When Billie Eilish’s new single, “Wish You Were Gay,” came out, my queer girl friends were ecstatic. Had Eilish just joined the ranks of Hayley Kiyoko as another sapphic icon? The title of her single suggested so.
When my friends actually listened to “Wish You Were Gay” though, they were disappointed on multiple levels; of course, they were sad that the title had led them astray, but they were also disheartened by the narrative of the song itself.
“Wish You Were Gay” is a prime example of queer-baiting, a term most often applied to films and TV shows. Queer baiting is when fiction hints at the formation of a same-sex relationship between characters, in order to attract an LGBTQ+ audience, but does not follow through on that relationship, either by keeping the characters heterosexual or by killing one of them off. Eilish has brought queer-baiting into the music industry with a title that implies a song with queer content and that the singer herself might be coming out.
If you listened to “Wish You Were Gay” with hopes of lesbian undertones, it was probably a little insulting to learn it was just another song about a boy. Listeners learn what the song is all about and the meaning behind the title in these few lines: “I just kinda wish you were gay / To spare my pride / To give your lack of interest an explanation / Don’t say I’m not your type / Just say that I’m not your preferred sexual orientation.”
Essentially, the singer has been rejected by a man with a lack of explanation, and she wishes he were gay so that the rejection wasn’t about her personally and was just a matter of sexual preference. Eilish also confirmed this interpretation when she explained the song’s meaning. In a PopBuzz interview, she said, “It literally means that I wish he was gay so he didn’t like me for an actual reason instead of the fact that he didn’t like me.”
Some fans have responded very negatively to this meaning, even calling it a fetishization of gay men. At the very least, I think it’s fair to say that Eilish’s lyrics trivialize gay men’s sexuality. This is because she is only using homosexuality, or the idea of it, as a way to make herself feel better and legitimize her rejection.
She sees gayness as the “actual reason” he wouldn’t be interested in her. Because she is using his sexuality for her own gain, this also contributes to the idea of gay men being used as an accessory by heterosexual women. It’s clear why the narrative can easily be interpreted as offensive by some fans in the LGBTQ+ community.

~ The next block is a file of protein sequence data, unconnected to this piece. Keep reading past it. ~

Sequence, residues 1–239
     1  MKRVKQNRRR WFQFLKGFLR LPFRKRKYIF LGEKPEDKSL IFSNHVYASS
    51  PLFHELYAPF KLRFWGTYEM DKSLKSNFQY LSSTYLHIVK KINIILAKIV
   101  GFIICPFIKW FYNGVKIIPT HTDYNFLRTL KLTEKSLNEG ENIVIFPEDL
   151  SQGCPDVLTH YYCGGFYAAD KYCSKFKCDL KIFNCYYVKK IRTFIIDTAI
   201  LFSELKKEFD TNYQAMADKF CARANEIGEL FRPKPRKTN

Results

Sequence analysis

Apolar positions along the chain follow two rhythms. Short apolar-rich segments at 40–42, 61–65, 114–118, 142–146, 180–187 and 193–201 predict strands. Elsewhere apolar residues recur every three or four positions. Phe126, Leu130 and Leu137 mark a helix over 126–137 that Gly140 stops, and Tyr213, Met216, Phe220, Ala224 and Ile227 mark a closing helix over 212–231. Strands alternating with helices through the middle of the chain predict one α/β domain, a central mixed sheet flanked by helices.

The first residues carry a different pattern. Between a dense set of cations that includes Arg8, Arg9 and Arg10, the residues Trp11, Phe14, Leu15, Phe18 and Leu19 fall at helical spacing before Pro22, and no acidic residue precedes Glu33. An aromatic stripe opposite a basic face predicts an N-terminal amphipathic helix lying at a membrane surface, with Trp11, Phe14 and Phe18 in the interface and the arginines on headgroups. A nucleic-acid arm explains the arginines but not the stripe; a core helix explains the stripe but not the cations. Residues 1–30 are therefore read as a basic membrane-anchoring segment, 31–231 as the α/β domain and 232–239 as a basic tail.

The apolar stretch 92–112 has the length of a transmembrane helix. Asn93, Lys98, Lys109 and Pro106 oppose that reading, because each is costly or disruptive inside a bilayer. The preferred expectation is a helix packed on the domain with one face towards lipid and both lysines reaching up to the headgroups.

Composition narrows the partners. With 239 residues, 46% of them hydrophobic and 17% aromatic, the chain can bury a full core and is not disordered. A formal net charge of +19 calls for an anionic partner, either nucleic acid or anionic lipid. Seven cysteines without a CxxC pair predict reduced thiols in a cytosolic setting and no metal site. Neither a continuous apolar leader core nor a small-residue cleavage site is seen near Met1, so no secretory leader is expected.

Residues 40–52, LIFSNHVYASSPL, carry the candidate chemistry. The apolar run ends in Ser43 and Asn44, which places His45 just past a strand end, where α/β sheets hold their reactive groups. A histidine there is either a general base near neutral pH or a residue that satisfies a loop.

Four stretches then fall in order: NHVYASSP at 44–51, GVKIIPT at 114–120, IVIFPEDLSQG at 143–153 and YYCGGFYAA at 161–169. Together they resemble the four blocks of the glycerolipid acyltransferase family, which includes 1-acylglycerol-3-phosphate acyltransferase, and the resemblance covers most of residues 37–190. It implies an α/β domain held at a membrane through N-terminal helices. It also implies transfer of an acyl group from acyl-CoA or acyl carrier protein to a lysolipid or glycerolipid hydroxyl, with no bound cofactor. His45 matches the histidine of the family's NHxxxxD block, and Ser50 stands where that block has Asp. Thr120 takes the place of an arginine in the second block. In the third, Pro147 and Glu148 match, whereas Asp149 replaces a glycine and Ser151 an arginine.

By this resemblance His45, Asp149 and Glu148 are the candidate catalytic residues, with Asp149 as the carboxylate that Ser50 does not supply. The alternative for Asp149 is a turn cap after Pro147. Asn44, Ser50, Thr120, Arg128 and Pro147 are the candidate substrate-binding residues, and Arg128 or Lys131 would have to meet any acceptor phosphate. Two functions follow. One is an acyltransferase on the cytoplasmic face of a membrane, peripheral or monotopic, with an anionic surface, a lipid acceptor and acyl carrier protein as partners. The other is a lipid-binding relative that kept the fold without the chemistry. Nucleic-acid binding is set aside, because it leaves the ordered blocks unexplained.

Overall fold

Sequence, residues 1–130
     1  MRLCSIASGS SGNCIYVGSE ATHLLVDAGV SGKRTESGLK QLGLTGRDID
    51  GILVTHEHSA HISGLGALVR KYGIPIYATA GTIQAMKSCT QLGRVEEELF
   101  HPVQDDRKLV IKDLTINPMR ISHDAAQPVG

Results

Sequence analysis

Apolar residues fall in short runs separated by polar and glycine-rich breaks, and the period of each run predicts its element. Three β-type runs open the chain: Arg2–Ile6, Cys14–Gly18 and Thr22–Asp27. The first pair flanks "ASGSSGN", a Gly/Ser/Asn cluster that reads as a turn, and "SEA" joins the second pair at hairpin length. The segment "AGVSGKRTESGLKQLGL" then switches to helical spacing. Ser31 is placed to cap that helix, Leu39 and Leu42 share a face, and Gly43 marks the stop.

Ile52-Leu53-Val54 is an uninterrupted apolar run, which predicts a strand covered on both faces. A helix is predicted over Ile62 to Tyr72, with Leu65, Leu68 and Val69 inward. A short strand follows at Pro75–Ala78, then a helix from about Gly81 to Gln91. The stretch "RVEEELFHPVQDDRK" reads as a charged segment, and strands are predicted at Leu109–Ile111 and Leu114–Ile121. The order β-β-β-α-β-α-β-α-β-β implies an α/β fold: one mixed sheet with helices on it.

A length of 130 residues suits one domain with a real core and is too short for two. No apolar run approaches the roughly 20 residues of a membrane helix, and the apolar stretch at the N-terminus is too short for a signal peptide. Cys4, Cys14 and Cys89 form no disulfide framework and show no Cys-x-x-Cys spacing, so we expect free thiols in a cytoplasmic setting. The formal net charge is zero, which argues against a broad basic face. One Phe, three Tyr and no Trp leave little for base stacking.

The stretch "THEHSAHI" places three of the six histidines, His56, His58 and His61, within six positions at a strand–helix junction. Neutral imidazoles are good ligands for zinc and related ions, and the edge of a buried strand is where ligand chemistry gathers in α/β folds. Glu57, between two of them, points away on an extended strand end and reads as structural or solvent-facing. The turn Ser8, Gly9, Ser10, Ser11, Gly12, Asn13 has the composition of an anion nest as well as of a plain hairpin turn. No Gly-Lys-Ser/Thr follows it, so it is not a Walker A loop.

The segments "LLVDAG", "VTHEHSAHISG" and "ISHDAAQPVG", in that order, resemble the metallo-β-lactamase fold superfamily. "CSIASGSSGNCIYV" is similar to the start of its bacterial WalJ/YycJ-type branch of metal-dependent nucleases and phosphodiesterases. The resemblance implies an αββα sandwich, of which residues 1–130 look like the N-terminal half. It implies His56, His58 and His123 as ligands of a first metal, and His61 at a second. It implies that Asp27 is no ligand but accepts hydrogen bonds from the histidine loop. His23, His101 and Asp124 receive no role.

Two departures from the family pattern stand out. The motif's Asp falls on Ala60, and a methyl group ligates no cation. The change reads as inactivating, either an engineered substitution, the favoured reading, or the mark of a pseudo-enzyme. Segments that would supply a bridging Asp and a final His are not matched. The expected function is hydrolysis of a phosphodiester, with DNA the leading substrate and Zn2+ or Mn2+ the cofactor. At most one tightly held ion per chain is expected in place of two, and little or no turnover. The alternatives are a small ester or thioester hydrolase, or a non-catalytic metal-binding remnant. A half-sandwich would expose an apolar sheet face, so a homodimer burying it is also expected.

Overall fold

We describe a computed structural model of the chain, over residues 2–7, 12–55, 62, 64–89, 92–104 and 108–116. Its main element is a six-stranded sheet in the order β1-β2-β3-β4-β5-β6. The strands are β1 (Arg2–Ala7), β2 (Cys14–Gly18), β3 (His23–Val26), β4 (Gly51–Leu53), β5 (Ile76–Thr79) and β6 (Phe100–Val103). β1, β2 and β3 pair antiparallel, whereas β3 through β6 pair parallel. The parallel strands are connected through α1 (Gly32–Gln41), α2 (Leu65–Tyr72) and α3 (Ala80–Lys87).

The last controversial element surrounding “Wish You Were Gay” involves Eilish’s responses to its backlash. She seemed to justify her lyrics in an Instagram story where she said, “He just came out to me like a couple weeks ago. So I wrote the song and made him f*ck a dude. I’m f*cking proud, bro!” This statement is problematic because she is giving herself credit for making him come out, but coming out is a very intimate process to the individual, and she should not remove him, or his reasons, from his own story.
While the song might have come out a little offensive and errs on the side of queer-baiting, I don’t think it should affect our view of Eilish as an artist. The song lyrics depict the irrational, desperate nature of teenage love and rejection, which probably means listeners should take the line “I just kind of wish you were gay” with a grain of salt. It should also be kept in mind that the pop star is only 17, and 17-year-olds are apt to make mistakes. Unfortunately for Eilish, her mistakes are laid out for the public to see.
Eilish is also well aware of the responses to her song and commented on it in her PopBuzz interview. “First off, I want to be so clear that it’s so not supposed to be an insult,” she said. “I feel like it’s been a little bit misinterpreted. I tried so hard to not make it in any way offensive.” Unfortunately, she never addressed the accusations that the song title was queer-baiting. Of course, her intentions don’t make the song less offensive, but it does help shape the image of her as an artist.
Further affecting the interpretation of “Wish You Were Gay” is the pro-LGBTQ campaign that came with the single’s release, in which a portion of the proceeds from her apparel line, BLOHSH, went to The Trevor Project, a national organization that aims to provide suicide prevention services to LGBTQ individuals under the age of 25.
Some sources think that she might have done this because she anticipated a negative response to her song, but you might also view the campaign as a sign that Eilish never meant any harm to the LGBTQ community and honestly didn’t see the flaws within her song. In either scenario, the song did end up benefiting the queer community in some way.
There is no denying that Eilish is a talented and stunningly young artist. Since the release of “Ocean Eyes,” her career has been skyrocketing — this year she is in the Coachella lineup and will spend four months on her own tour as well. Her recent single, “bury a friend,” reached No. 74 on the Billboard Hot 100 as well as being No. 14 in the United States the week it came out.
I myself am still highly anticipating the release of Eilish’s next album, “WHEN WE FALL ASLEEP, WHERE DO WE GO.” The album’s cover art is intriguingly spooky, especially compared to the sunny yellow cover of the “Don’t Smile at Me” EP.
The new album will include several popular singles she’s already released such as “bury a friend,” “when the party’s over” and “you should see me in a crown” as well as 10 more new songs. “WHEN WE FALL ASLEEP, WHERE DO WE GO” is not likely to disappoint and will be released on March 29.